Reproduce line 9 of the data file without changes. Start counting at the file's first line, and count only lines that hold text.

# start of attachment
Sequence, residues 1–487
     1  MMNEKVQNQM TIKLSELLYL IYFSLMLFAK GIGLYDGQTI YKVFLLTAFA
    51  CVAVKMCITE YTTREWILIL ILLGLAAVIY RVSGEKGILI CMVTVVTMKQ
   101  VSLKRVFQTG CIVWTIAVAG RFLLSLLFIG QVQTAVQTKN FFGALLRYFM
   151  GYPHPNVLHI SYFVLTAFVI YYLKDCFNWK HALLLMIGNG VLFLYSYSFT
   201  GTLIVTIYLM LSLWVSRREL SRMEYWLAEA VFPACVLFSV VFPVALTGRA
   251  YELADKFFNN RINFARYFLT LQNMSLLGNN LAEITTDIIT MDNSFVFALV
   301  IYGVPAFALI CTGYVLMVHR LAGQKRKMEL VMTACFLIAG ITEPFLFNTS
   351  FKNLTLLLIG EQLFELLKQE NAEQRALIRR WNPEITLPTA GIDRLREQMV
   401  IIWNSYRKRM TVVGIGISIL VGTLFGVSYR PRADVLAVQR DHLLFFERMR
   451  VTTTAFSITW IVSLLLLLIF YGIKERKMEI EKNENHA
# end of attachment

   351  FKNLTLLLIG EQLFELLKQE NAEQRALIRR WNPEITLPTA GIDRLREQMV